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Nov 6, 2007

The Devil and the LDP

Picture Fred Nile attempts to prevent deal between Family First and the LDP.

If you are not free to choose wrongly and irresponsibly, you are not free at all. – Jacob Hornberger (1995)

Politics gets just plain silly at times especially when religion gets involved, and worse when one party feels that another owes it because of belief. The proverbial has hit the fan over here because of a preference deal between the Family First Party (a Christian backed party) and the Liberty and Democracy Party.

Fred Nile, who heads the Christian Democratic Party, appears to be mad as a cut snake about it as the following extract from today’s press indicates: -

The Senate bombshell has shocked religious crusader Fred Nile, who accused Family First of giving preferences to "the enemy" - the Liberty and Democracy Party.

LDP, which stands little chance of winning a Senate spot, advocates a radical suite of policies and a minimal role for government.

"Say no to the nanny state," its election banner says.

Its preference deal with Family First has shocked long-term political observers, who believe the pro-Christian party could suffer a voter backlash.

Family First Senator Steve Fielding, who was elected in 2004 with the backing of church groups, now stands accused of supping with the devil.

Family First has decided to preference LDP ahead of the major parties and the Christian Democratic Party in both NSW and Western Australia.

Last night, Senator Fielding defended the preference swap with LDP, who he said had some policies in common with Family First.

But Reverend Nile, who is CDP's national president and a long-time advocate of conservative social values, said he was "shocked and disappointed" by Family First's decision.

"They didn't keep their word. They gave their preferences to the enemy, the anti-Christian party," said Reverend Nile, a member of the NSW Parliament.

I tend to disagree with the concept of religious parties whether they are Christian, Jewish, Islamic, Hindu, or anything else, on the principle that while people should be free to advocate their religious views to any willing listener and should be free to take part in the political process, they are not justified in legislating religious values into law.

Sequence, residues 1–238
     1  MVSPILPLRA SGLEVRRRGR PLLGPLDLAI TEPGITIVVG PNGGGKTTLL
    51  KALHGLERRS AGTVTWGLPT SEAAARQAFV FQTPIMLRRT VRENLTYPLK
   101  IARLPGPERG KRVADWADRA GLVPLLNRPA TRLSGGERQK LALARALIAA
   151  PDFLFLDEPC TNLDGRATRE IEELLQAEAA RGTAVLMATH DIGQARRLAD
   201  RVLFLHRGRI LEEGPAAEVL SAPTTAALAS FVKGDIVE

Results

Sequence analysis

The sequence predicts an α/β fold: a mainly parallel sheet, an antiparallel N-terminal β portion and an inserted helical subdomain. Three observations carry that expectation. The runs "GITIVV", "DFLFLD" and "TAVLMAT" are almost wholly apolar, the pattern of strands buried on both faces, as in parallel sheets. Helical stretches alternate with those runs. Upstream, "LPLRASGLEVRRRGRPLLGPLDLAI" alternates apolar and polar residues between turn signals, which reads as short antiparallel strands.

A religious party has by definition, the intention of doing just that.

The Views on religion of the LDP is best summed up by our New South Wales Senate candidate Terje Petersen in his press release on the above issue: -

The LDP today moved to defend its preference deal with Family First in response to claims by the Christian Democrats that it is an "anti-Christian" party.

"The LDP is neither an anti-Christian nor an anti-family party," LDP NSW Senate candidate Terje Petersen said.

"Many members of our party are committed Christians. Our Victorian Senate candidate, Steve Clancy, is a practising Christian and obvious proof that we are not anti-Christian.

"However, the LDP is opposed to the nanny state that some people promote under the guise of Christianity. It is not opposed to personal responsibility and does not endorse risky behaviour, but it also does not support using the law to impose the moral values of a section of the community on everyone.

Small groups of zealots can achieve their goals in a tight Senate by using the mutual grooming political process, in which they will agree to pass something they can live with (say compulsory Identity cards) in exchange for something they want passed (say banning Sunday shopping or bikinis). This process is often referred to as “You scratch my back, and I’ll scratch yours".

Thus they can tend to double up on anti-freedom nanny state acts of legislation, which is of course something any government will approve of.

Still it’s a great thing to see press articles of this type, you can’t buy publicity like this.


  1. Sad when religion gets mixed up in politics. There should be a definite separation between church and state... happening in this country as well.

  2. The US did the world a favor with the concept of separation between church and state.I think it was probably because of the number of people who migrated there to escape religious persecution way back.

  3. Trouble is a lot of religious fanatics here don't remember the separation between church and state.